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    Occupy Wall Street: What Just Happened? eBook

    Occupy Wall Street: What Just Happened? eBook on Amazon

    Occupy Wall Street: What Just Happened? eBook

    Reflections on Occupy Wall Street, with photos, fun, and good wishes for the future. eBook, Occupy Wall Street: What Just Happened? (Only $.99 !) In the eBook, the Occupy movement is explored through original reporting, photographs, cartoons, poetry, essays, and reviews.The collection of essays and blog posts records the unfolding of Occupy into the culture from September 2011 to the present.  Authors Kimberly Wilder and Ian Wilder were early supporters of Occupy, using their internet platforms to communicate the changes being created by the American Autumn.

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Money and the Midterms: Are the Parties Over?

Much of my research has been devoted to showing how both parties are dominated by blocs of large investors. The policy choices political parties present to the public on Social Security, macroeconomic policy, campaign-finance reform, and indeed nearly every other policy area save a handful of hot-button “social issues” are basically dominated by big money. The consequences are disastrous: Neither party can level with the American people in crises. They cannot diagnose problems like the financial crisis with any honesty and they can’t make any detailed case for why the policies they do sponsor would actually benefit ordinary Americans. What we get instead are pseudo-explanations, myths, and sometimes, obvious mendacity. Political discussions in the media, where they are not distorted by the plain interests of the concerns themselves, are dominated by denizens of the “think tank” and “policy institute” world. Most of these institutions are heavily driven by, surprise, surprise, big money in the form of donors. As Robert Johnson and I documented in our paper for last year’s INET Conference, growing inequality in the United States complicates this dismal picture by converting regulatory agencies into recruiting grounds for would be millionaires via the revolving door, while at the same time permitting the financial sector to substitute virtually untraceable stock tips for direct contributions.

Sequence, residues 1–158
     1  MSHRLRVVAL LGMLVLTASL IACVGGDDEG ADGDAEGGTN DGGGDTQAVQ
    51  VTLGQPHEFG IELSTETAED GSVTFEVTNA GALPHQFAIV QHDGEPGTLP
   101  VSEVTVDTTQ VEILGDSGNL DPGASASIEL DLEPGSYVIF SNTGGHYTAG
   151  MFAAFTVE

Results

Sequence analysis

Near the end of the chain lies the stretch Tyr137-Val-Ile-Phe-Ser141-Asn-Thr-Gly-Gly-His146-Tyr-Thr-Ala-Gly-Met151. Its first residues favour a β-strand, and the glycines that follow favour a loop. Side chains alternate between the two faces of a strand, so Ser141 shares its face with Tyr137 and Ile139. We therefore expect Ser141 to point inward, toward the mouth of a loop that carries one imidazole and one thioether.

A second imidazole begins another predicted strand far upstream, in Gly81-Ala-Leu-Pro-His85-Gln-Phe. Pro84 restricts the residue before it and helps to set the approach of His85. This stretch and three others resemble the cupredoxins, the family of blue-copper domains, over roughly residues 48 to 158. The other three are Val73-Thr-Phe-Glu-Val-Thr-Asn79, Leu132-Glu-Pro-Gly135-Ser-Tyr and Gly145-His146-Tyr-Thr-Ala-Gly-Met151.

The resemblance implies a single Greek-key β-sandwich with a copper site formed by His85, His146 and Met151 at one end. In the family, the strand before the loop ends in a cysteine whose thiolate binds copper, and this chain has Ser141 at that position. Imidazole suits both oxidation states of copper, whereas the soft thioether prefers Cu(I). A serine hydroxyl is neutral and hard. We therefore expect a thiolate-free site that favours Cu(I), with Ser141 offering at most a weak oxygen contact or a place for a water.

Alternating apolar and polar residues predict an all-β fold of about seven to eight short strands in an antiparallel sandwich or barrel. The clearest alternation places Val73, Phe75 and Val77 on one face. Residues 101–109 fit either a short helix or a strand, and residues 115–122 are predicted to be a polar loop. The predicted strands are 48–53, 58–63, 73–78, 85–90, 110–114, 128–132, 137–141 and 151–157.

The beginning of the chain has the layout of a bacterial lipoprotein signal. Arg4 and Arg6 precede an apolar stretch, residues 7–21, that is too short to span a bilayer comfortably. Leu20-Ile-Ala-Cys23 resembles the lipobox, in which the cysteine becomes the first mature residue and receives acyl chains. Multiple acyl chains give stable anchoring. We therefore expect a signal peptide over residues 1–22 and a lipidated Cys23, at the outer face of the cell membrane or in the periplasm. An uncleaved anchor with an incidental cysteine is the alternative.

via Lynn Parramore: Money and the Midterms: Are the Parties Over? Interview With Thomas Ferguson.

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